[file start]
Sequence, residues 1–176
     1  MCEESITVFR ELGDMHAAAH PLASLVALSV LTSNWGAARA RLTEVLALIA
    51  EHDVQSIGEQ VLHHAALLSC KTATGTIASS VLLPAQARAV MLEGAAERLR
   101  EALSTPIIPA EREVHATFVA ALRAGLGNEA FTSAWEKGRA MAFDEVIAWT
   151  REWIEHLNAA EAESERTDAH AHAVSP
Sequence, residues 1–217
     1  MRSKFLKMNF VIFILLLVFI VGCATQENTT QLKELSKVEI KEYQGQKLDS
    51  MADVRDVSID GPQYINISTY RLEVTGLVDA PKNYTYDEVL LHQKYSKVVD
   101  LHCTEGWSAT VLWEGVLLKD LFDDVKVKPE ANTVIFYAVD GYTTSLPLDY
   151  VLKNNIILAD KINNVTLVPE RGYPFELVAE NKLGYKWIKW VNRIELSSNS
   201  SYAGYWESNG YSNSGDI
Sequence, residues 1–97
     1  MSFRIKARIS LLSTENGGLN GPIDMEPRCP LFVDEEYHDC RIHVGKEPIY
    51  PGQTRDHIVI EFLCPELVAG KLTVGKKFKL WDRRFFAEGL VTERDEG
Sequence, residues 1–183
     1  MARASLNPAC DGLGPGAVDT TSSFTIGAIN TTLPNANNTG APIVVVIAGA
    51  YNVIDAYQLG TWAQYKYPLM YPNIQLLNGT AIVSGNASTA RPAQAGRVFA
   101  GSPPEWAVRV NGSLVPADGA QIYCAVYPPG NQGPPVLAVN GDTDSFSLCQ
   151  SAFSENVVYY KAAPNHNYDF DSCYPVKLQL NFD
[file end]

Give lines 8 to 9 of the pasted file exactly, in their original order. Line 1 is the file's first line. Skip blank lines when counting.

    51  MADVRDVSID GPQYINISTY RLEVTGLVDA PKNYTYDEVL LHQKYSKVVD
   101  LHCTEGWSAT VLWEGVLLKD LFDDVKVKPE ANTVIFYAVD GYTTSLPLDY